What Does It Mean To Have Integrity As A Journalist? ‘Traverse Talks’ Episode 29 – With Journalist Ann Curry

Ann gestures, with her left arm outstretched, as she answers a question.
Photo of Ann Curry during the recording of Traverse Talks in WSU's Jackson Hall Studio B on April 4, 2022. The next day, Ann received the Murrow Lifetime Achievement Award in Journalism from the Edward R. Murrow College of Communication.

A former NBC anchor and renowned national and international correspondent, journalist Ann Curry was among the first to cover the war in Darfur, and many other humanitarian crises over the years. In this episode of Traverse Talks with Sueann Ramella, Ann talks about her journalistic ideology, how her relationship with her mother impacted her worldview from a young age, and how no one would be here without the support of the people in their lives along the way. And if anyone knows a Mrs. Hattie Converse, former English teacher at Ashland Senior High School in Oregon, let her know Ann’s looking to say thank you. Listen to her episode below or stream wherever you get your podcasts.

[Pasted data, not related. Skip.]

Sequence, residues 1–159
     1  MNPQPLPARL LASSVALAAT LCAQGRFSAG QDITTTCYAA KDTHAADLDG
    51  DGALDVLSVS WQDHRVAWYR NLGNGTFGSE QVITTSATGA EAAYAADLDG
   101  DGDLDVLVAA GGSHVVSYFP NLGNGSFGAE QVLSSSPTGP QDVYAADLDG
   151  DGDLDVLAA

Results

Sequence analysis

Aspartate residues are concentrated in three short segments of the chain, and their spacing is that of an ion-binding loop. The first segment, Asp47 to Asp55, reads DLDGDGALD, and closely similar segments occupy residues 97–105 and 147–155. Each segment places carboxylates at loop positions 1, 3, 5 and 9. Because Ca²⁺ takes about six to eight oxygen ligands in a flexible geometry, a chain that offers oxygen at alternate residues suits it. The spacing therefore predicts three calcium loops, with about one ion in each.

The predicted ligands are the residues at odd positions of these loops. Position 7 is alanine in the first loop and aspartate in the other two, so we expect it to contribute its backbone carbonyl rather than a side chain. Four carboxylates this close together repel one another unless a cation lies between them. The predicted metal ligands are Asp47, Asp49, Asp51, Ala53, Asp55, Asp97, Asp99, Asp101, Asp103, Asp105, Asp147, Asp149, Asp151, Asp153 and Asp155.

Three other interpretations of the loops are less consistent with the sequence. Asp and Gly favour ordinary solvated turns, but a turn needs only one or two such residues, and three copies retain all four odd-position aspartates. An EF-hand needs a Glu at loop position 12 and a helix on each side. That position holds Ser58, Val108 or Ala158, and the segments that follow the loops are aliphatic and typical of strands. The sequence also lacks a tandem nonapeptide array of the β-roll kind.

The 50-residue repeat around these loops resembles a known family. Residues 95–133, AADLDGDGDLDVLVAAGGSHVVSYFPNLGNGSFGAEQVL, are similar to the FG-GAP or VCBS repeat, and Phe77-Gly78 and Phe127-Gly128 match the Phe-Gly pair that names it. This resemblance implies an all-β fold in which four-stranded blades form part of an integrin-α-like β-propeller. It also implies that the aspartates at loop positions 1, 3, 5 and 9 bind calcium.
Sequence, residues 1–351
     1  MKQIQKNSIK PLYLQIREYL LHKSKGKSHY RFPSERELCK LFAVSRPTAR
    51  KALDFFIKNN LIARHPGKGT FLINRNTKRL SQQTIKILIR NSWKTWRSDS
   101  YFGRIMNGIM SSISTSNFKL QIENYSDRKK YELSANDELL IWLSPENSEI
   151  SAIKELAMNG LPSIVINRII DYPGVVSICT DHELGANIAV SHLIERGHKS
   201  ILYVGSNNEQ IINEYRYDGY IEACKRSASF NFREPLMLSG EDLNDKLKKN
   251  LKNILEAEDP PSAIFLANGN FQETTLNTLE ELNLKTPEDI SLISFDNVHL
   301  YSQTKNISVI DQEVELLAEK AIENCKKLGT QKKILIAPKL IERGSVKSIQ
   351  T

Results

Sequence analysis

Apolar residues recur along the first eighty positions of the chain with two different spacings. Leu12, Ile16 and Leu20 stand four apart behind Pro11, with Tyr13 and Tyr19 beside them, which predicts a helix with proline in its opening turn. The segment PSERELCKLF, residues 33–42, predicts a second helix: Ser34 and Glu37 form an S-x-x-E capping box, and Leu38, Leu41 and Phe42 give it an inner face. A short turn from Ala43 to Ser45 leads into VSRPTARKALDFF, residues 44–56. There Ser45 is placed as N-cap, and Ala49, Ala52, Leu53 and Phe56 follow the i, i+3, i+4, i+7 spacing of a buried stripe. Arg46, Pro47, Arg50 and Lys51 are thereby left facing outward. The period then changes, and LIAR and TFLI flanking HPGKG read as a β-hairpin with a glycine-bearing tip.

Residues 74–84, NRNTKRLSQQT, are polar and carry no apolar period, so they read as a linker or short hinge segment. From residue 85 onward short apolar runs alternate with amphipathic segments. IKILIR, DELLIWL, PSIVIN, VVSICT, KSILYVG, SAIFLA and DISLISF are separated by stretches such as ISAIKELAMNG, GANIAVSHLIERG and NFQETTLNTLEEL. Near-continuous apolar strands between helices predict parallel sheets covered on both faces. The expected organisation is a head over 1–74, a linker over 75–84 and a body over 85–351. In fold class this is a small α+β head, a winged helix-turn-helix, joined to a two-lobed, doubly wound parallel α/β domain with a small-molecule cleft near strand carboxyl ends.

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Traverse Talks With Sueann Ramella
Traverse Talks With Sueann Ramella
What Does It Mean To Have Integrity As A Journalist? – With Journalist Ann Curry

Conversation Highlights:

To Lead Is To Serve:

Sueann Ramella: In Korean, I would call you eonni, older sister, and in Japanese it’s ane. Which is so similar to your name. You are literally the oldest, and your name is older sister, and you have been this role model for so many people. What has that been like for you?

With a microphone in front of her, Ann smiles and holds her hands together as she answers a question.

Ann, with her usual poised energy, answers a question for Sueann.